TORONTO — They have shaved a teen-age girl bald, assaulted two businessmen in daylight at a crowded downtown shopping complex and beaten an 82-year-old woman before ransacking her house.
Clad in army boots, combat fatigues and shaved heads that spawned their moniker, the Skinheads have unleashed unprecedented aimless violence here.
Though mild by some city's standards, the violence is new to Toronto, which prides itself on escaping much of the crime, racial clashes and gang warfare that plagues urban areas.
"There is a concern, that's for sure," said Rick Huffman of Toronto Police Department's investigative branch. "We're trying to prevent things from getting out of hand."
30 Skinheads Arrested
About 30 Skinheads have been arrested in recent weeks on such charges as assault and robbery in incidents around the Eaton Centre on Yonge Street, a busy downtown shopping district.
They prey mostly on "preppies," clean-cut middle- or upper-class youths, as well as on homosexuals and racial minorities.
They also have been involved in violence and revenge with "punkers," fans of punk music who often wear outlandish hair styles and fashions. Teen-age skateboarders are also Skinhead targets.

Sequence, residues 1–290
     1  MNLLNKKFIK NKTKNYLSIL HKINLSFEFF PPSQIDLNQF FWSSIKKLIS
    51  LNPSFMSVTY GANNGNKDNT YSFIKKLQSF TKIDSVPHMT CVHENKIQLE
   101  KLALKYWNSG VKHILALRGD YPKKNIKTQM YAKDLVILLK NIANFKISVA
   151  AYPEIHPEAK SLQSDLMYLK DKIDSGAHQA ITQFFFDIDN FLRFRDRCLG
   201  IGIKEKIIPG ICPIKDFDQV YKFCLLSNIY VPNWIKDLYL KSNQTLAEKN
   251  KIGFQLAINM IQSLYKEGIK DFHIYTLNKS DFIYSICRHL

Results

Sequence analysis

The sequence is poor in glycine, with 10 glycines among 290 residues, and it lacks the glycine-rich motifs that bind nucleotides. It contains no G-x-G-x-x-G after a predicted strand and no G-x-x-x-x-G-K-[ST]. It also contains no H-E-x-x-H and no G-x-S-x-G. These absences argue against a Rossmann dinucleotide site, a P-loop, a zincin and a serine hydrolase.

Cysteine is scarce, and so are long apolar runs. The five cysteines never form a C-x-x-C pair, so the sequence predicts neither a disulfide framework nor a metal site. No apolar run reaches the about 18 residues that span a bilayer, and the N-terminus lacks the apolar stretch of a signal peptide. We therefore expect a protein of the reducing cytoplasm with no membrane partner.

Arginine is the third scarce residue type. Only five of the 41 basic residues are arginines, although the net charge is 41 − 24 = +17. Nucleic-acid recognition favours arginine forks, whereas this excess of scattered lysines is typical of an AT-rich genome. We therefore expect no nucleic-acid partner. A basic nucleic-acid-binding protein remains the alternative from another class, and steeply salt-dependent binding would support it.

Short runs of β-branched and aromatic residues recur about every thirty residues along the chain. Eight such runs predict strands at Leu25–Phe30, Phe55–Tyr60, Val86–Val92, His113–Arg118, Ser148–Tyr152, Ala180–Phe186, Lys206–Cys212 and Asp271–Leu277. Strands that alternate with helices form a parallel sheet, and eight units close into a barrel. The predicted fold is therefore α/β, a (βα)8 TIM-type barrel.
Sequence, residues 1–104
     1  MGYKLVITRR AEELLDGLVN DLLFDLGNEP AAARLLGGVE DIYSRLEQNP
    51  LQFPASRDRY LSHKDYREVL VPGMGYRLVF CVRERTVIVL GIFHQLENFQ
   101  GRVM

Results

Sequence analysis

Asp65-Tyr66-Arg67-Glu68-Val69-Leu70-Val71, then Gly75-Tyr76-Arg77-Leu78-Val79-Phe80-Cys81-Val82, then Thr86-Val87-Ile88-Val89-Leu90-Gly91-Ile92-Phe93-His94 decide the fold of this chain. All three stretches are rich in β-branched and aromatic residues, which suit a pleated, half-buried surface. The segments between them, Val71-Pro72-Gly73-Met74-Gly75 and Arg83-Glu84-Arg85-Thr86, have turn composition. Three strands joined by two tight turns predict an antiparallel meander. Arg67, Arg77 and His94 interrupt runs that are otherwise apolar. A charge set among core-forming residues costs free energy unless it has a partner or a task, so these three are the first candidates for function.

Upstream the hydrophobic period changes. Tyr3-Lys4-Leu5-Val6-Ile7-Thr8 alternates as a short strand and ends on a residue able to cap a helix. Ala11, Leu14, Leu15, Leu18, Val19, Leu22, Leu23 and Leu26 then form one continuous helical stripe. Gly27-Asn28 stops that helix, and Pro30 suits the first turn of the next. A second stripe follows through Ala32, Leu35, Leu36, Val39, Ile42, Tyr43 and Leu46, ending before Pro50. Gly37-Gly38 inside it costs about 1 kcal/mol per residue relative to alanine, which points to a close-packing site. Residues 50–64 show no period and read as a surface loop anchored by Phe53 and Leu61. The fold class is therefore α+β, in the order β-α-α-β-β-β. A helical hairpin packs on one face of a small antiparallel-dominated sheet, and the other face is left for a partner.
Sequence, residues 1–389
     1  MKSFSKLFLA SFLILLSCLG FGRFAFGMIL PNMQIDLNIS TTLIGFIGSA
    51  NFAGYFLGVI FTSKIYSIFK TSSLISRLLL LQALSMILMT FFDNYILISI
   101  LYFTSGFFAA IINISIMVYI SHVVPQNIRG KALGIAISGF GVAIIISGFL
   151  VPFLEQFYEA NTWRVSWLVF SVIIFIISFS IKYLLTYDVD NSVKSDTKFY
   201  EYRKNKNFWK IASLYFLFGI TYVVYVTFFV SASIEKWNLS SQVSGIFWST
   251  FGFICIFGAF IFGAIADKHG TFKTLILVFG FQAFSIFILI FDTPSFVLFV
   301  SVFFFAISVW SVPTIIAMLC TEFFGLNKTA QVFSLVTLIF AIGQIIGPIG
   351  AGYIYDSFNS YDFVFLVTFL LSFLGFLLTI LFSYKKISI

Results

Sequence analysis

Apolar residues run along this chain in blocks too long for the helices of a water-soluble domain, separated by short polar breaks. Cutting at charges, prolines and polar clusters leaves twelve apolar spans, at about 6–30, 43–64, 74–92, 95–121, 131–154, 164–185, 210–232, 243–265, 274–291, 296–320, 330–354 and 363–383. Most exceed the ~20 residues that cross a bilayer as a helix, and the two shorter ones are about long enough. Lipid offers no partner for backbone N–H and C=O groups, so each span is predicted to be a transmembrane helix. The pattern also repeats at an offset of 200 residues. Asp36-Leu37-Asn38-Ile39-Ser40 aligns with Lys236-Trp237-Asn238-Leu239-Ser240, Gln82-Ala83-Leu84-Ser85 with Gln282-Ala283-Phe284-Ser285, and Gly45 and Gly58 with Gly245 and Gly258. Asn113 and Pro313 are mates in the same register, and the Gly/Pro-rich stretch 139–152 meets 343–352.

"There does not appear to be a motive," Huffman said. "The preppies give the appearance of being a more upper class. They also don't look like they hold the same views as the Skinheads."
Racial Violence Feared
However, community leaders are worried that the Skinheads, described as neo-Nazis for their white supremacist views and penchant for swastikas, will ignite racial violence in this ethnically diverse city.
"The main concern is the racist potential in all of this," said David Kidd, a community worker at downtown Central Neighborhood House. "There are a lot of blacks in this neighborhood. We're keeping an eye on it."
An unknown number of the Skinheads have drifted to Toronto from Montreal, Detroit and Florida, committing assaults and robberies with knives, imitation handguns or their fists.
Most are between 15 and 17 years old, live on the street, are unemployed and do not receive government benefits.
The fear here is that the Skinheads, like those in other countries, will resemble more and more their predecessors in Britain, who by the late 1970s formed a right-wing movement in reaction to depressed economic conditions.
When the Skinheads first appeared in Toronto three or four years ago, they kept to themselves and were considered passive.
As the newcomers arrived, they became more violent, more of a threat, authorities say.
Police say they hope recent arrests deter other crimes.
But the Skinheads do not appear shaken by the police presence. Recently a Skinhead gang surrounded a police cruiser parked near the Eaton Centre and began rocking it.
Some downtown club owners are banning Skinheads from their premises in an effort to reduce the violence and vandalism.